Bullying in the legal profession is believed to be more common than in some other professions. It is believed that its adversarial, hierarchical tradition contributes towards this.[1] Women, trainees and solicitors who have been qualified for five years or less are more impacted, as are ethnic minority lawyers and lesbian, gay and bisexual lawyers.[2]

Half of women lawyers and one in three men who took part in a study by the Law Council of Australia (LCA) reported they had been bullied or intimidated in the workplace.[3] The Law Council of Australia has found that women face significant levels of discrimination, with one of the study's key figures telling Lawyers Weekly the profession is a "men's only club".[4]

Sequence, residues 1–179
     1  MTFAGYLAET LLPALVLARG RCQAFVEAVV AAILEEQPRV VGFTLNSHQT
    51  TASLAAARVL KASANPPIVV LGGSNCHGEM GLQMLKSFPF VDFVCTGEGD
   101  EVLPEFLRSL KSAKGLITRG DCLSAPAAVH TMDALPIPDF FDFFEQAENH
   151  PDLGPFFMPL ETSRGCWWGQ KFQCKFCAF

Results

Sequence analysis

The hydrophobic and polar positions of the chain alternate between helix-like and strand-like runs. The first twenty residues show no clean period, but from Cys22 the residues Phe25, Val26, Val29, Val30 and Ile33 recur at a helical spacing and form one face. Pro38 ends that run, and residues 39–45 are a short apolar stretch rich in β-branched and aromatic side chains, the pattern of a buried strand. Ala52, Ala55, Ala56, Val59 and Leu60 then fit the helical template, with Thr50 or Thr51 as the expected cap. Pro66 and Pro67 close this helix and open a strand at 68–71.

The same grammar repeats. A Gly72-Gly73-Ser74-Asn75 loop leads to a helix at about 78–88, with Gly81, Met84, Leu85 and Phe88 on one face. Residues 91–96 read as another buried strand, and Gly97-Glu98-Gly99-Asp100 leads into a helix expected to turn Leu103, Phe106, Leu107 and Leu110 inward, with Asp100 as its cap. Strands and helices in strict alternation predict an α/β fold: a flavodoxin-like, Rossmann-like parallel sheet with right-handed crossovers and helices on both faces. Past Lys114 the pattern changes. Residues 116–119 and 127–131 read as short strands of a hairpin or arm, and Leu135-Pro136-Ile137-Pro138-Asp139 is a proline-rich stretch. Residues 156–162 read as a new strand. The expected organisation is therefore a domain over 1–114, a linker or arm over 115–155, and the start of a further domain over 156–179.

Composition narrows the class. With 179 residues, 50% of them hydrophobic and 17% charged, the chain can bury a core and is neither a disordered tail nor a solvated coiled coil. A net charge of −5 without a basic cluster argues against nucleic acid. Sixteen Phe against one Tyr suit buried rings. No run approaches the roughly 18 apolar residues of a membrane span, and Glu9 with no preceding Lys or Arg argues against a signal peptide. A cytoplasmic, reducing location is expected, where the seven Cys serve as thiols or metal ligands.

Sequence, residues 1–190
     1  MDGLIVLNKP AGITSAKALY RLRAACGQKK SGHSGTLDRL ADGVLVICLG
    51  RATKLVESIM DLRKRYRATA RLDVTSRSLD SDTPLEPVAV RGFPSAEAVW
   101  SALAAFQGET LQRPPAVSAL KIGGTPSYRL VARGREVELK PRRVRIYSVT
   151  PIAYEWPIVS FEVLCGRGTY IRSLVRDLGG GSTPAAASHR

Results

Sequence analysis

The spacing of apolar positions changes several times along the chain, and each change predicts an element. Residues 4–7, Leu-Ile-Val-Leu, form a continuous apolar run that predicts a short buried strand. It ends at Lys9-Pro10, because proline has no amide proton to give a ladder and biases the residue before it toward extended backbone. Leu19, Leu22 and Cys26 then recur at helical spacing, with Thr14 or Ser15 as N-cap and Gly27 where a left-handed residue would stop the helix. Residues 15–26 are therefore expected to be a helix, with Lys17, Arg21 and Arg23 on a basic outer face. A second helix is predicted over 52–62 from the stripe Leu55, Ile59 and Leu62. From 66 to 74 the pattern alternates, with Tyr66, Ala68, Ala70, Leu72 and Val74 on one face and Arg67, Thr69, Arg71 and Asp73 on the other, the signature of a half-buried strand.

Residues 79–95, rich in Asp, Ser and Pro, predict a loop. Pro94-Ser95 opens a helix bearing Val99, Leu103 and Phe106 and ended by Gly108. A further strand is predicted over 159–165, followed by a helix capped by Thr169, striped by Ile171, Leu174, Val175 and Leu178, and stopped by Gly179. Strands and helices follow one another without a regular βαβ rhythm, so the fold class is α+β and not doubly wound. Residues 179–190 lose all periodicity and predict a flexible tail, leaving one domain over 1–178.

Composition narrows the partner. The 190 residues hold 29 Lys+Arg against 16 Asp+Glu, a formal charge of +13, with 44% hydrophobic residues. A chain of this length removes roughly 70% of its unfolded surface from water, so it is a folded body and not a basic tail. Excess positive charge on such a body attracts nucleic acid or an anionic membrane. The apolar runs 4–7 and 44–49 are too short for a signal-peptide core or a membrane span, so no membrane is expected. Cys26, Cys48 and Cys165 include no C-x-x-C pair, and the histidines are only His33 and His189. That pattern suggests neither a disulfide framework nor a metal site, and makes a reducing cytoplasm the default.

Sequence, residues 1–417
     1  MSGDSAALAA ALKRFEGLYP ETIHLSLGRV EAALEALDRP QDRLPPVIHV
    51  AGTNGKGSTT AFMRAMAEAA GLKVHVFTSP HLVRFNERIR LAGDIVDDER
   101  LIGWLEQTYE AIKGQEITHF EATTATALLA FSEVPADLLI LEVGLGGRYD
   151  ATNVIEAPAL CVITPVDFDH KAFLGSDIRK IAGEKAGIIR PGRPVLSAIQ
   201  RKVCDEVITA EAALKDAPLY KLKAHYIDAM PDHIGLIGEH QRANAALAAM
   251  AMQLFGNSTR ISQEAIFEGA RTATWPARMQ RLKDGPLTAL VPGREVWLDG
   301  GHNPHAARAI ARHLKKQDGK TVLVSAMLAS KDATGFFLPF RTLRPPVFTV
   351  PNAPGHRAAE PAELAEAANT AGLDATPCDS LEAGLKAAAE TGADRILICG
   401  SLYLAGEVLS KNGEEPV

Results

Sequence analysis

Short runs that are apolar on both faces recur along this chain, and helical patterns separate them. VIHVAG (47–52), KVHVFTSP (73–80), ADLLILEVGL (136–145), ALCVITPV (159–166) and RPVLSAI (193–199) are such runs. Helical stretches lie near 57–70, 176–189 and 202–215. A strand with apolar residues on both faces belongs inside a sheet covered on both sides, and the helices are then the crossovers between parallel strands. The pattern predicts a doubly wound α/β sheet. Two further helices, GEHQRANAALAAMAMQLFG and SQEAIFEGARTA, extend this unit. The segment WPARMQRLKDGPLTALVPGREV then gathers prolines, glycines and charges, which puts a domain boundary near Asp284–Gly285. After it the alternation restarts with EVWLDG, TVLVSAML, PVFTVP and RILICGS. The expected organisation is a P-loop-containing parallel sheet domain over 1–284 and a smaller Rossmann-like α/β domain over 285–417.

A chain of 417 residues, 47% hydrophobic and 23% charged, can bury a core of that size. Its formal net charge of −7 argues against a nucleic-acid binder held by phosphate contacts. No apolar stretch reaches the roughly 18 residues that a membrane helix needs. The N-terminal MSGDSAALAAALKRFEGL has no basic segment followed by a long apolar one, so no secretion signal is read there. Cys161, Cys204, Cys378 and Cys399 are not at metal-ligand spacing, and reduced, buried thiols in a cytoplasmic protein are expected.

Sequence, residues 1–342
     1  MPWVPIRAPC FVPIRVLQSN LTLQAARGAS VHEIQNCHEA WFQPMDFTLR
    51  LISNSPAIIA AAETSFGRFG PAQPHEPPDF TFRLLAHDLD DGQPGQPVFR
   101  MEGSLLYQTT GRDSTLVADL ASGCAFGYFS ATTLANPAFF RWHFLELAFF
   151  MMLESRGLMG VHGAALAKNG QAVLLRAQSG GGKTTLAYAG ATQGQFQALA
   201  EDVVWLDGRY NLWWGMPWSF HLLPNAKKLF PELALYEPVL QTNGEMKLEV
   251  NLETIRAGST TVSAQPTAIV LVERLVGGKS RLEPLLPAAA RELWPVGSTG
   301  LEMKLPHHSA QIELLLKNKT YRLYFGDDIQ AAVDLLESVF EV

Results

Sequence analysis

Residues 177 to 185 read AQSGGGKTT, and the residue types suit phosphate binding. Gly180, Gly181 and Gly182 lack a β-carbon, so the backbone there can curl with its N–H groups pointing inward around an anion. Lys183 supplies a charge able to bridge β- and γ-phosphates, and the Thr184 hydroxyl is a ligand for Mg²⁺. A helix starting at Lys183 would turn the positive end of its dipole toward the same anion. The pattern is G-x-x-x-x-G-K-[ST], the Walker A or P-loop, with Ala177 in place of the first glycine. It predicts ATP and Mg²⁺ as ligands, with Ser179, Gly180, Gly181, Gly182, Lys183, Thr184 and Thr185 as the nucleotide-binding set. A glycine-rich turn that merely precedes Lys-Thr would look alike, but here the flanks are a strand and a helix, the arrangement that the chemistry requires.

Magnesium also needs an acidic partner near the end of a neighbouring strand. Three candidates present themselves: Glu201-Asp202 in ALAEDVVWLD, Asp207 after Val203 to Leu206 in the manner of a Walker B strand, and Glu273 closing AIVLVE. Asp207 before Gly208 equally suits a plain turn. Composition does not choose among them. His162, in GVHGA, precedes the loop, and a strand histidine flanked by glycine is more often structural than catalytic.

According to former High Court judge Michael Kirby, the rudeness of judges trickles down to senior lawyers who then vent their frustrations on more junior staff, thus creating a cycle of bullying and stress that is rife within the legal profession.[5]

See also

References

  1. ^ "Le Mire, Suzanne; Owens, Rosemary A propitious moment?: Workplace bullying and regulation of the legal profession University of New South Wales Law Journal, The Volume 37 Issue 3 (Dec 2014)" (PDF). Archived from the original (PDF) on 2015-02-01. Retrieved 2015-01-27.
  2. ^ Society publishes guidance on tackling bullying in solicitor profession The Journal of the Law Society of Scotland 27 June 2011
  3. ^ Leanne Mezrani 4 February 2014 Bullying rates 'alarming' Lawyers Weekly
  4. ^ Leanne Mezrani 14 March 2014 Law is failing and hurting women Lawyers Weekly
  5. ^ Bullying judges breed stressful system: Kirby

Further reading